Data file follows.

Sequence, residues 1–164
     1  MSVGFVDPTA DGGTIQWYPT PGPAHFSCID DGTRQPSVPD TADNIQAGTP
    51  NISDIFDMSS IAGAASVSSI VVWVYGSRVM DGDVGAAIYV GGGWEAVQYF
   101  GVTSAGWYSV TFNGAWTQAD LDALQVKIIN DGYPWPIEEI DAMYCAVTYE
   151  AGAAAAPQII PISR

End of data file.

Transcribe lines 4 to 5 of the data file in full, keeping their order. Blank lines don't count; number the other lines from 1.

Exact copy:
   101  GVTSAGWYSV TFNGAWTQAD LDALQVKIIN DGYPWPIEEI DAMYCAVTYE
   151  AGAAAAPQII PISR